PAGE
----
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Your Last Chance to Get Ready for iOS 11

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Your Last Chance to Get Ready for iOS 11

With less than a month until iOS 11, make sure you're ready by reviewing the new devices and features, including machine learning capabilities, coming with it.

· Mobile Zone
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The next major release of iOS is less than a month away. A lot has been discussed about the great innovations around the new platform and the new iPhone devices that will be launched alongside this release.

In this article, I would like to highlight few opportunities and pitfalls that iOS developers can and should be aware of a moment before this major release hits the market.

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Exploiting New APIs and Innovate

If you haven't scanned through the new APIs introduced by Apple for iOS11, it is not too late, but highly recommended that you do - sooner than later.

From the long list of innovative capabilities that includes ARKit, Sirikit, FileSystem access, drag and drop and much more, I would actually like to focus on the CoreML API's - machine learning support for iOS11.

iOS developers, can now choose from 3 sets of API's and add a layer of machine learning to their apps, and with that, enhance their end-user experiences.

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As can be seen in the architecture above, developers can add capabilities around vision, language processing, and gaming.

Each of the three capabilities above can add new value to your app. Apps that will benefit the vision APIs can now start leveraging capabilities involving image analysis to identify faces, detect features, and classify scenes in images and video. Alternatively, apps that would extend their capabilities via the language processing APIs can now analyze natural language to tag part of speech, perform lemmatization, identify proper names, translate text to other language or even the entire app UI to a new target language based on the input text and more.

Lastly, if you are an iOS game developer, then the new GameplayKit APIs should enable you to add more layers of sophistication and customization to your game, that will include previous behavior adoption, or as Apple would describe: "Incorporate common gameplay behaviors such as random number generation, artificial intelligence, pathfinding, and agent behavior."

In addition to the above unique use cases, app developers can use the CoreML API's to integrate an ML model into their app, like in the below example Apple provides as a reference to developers.

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iOS11 App Review on AppStore

iOS app developers should also pay attention to a new rule that is being enforced starting iOS11, and it's the in-app request for users app reviews.

Up until iOS11, app developers could use customer API's to request their users to provide app reviews as many times they like, when the users would launch the app or in a random sequence. Starting iOS11, app developers are required to follow and use only the Apple app reviews API's, and adhere to a 1-time request for app reviews.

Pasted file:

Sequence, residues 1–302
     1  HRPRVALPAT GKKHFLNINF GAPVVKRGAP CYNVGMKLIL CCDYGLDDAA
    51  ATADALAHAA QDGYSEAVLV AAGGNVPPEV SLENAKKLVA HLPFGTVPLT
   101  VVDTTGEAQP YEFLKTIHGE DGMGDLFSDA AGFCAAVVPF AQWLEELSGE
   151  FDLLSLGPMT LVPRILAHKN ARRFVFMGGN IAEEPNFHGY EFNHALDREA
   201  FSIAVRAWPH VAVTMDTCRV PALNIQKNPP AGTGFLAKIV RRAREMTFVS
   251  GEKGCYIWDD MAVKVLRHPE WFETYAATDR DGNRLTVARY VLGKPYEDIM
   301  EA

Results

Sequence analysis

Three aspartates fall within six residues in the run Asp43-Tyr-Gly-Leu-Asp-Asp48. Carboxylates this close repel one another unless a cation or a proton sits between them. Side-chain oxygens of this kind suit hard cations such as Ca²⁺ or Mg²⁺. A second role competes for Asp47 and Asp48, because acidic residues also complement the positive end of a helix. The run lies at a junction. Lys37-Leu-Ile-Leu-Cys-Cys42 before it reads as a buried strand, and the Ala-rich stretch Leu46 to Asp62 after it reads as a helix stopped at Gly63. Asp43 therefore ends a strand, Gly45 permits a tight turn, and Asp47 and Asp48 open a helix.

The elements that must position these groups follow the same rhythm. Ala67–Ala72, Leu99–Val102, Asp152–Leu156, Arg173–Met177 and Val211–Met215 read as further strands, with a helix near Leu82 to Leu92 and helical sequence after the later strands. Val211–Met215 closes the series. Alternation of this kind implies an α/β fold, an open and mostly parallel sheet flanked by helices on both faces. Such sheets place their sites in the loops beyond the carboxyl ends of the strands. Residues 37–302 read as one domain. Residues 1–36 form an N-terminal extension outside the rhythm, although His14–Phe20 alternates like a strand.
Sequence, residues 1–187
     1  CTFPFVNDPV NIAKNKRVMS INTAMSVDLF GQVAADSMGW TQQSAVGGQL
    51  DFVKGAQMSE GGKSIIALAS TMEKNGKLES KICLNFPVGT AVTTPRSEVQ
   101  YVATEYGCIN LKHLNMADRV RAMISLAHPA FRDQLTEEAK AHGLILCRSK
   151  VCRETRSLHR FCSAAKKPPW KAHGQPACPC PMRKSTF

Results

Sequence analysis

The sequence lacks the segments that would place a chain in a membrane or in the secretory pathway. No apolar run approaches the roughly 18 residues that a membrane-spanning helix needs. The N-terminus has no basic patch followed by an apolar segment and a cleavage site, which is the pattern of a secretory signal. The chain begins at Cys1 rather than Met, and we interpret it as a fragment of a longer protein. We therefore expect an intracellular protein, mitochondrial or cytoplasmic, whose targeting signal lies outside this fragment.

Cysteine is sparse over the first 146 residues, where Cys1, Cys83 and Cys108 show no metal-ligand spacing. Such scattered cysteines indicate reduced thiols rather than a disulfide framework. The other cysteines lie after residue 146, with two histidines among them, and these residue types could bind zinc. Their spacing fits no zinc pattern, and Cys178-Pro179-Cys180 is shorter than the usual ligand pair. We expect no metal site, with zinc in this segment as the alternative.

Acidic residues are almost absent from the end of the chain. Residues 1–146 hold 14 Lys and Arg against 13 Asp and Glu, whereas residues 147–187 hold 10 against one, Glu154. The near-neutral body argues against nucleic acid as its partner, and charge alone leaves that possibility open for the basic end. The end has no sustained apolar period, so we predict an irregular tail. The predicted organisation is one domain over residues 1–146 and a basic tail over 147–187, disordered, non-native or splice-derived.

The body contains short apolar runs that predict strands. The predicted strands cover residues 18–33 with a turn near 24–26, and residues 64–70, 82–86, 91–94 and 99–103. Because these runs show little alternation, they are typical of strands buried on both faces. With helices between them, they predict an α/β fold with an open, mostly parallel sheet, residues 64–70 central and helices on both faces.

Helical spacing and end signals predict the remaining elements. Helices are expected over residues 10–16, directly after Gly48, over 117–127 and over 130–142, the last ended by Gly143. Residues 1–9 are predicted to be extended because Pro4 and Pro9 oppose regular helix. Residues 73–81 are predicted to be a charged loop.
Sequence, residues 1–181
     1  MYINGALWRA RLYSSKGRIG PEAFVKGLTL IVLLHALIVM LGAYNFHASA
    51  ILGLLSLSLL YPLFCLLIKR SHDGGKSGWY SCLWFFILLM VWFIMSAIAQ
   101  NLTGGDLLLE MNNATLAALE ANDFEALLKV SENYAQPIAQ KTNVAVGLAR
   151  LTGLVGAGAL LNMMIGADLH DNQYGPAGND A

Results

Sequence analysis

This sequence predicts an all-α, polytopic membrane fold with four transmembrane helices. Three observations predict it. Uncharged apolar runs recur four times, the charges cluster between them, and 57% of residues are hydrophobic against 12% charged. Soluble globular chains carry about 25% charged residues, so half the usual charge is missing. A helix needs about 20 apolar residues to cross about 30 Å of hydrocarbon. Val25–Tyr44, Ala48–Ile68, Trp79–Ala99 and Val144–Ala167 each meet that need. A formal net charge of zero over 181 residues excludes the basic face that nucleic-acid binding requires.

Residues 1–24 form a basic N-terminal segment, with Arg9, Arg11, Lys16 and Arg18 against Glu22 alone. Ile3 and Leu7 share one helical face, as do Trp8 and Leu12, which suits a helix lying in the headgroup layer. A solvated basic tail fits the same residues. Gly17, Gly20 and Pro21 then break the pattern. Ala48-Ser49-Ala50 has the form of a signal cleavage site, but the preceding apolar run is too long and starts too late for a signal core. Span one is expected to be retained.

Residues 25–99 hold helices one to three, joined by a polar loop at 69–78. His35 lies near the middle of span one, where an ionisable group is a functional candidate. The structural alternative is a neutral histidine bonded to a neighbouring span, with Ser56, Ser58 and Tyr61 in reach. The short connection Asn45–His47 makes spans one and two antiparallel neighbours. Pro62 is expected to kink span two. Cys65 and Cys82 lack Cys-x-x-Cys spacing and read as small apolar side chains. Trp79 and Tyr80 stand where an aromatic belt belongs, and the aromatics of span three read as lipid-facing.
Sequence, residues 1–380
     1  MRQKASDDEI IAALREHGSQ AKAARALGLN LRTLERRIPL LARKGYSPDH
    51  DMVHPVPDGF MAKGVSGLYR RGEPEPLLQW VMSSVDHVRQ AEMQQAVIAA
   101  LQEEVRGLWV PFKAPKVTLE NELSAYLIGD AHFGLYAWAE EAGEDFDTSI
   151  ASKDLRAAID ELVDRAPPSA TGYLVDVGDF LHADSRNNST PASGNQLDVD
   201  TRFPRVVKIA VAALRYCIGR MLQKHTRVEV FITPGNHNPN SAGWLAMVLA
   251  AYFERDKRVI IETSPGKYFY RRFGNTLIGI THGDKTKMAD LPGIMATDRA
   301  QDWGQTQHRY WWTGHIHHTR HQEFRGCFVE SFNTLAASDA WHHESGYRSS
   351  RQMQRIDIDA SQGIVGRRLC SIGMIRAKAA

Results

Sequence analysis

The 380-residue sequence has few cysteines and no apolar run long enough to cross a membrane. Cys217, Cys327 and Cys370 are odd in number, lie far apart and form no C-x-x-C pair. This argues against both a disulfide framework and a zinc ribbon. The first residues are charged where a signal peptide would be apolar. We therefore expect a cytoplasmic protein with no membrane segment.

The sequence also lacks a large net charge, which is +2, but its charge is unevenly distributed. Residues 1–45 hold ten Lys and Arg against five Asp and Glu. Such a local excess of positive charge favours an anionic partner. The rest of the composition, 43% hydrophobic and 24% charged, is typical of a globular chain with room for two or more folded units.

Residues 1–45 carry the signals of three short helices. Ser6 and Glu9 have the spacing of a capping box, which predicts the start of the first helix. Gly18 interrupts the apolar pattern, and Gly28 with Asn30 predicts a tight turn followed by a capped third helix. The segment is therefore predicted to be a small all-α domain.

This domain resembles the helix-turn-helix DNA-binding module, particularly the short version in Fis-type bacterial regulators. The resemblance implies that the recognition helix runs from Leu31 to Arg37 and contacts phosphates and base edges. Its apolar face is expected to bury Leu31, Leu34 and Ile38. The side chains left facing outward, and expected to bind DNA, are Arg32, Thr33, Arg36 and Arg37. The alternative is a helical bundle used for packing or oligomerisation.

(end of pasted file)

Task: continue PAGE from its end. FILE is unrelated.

This can mean few things for app developers:

  1. Code refactoring to assure you're using the proper APIs.

  2. Tuning the app request for review properly.

  3. Getting your app to work fine, since you now only get one user review shot, so it should be a 5-star one.

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Application Dependency on Third Party Engines and APIs

This specific point should be relevant not only when transitioning to iOS11, but when you move from one OS version to the next.

Many apps today leverage third party tools that are either embedded as an engine in your app (e.g. Voice command, image processing, etc.), or that are relying on third party native apps within their own app like login via Facebook to your game etc.

The fact that you've tested that your app works fine should also mean that the dependent engines, services, and other libraries that you rely on were also tested against various iOS11 devices and conditions.

Don't Forget the Implication on Your Lab and Testing Plans

While I wrote a lot in the past on the new iOS11 disruption potential to an existing application and how will it perform on various devices, I would like to reiterate the points in a high level:

  • Many devices will be left behind on iOS10 and will join a few others that are stuck on iOS9 - make sure that your test lab, your automation code remains solid and can reliably run on a daily basis, within continuous integration etc. on all these platforms - do the tests right now on the beta versions.

  • Not all devices that vary across screen sizes, processors, and OS versions, perform the same way across networks and locations - do proper testing in varying environmental conditions and identify issues ahead of release.

  • Adoption of any new iOS version is fast but also bumpy - plan for fast adoption and upgrades of your users to the new OS, but also for critical regressions that will mean patch releases etc. - allocate time and resources for your own app surprises, glitches and testing for the 1st few weeks post the iOS11 release.

Happy iOS11 adoption, innovation, and testing.

Analysts agree that a mix of emulators/simulators and real devices are necessary to optimize your mobile app testing - learn more in this white paper, brought to you in partnership with Sauce Labs.

Topics:
machine learning ,test automation ,ios 11 ,ios ,mobile ,mobile app development

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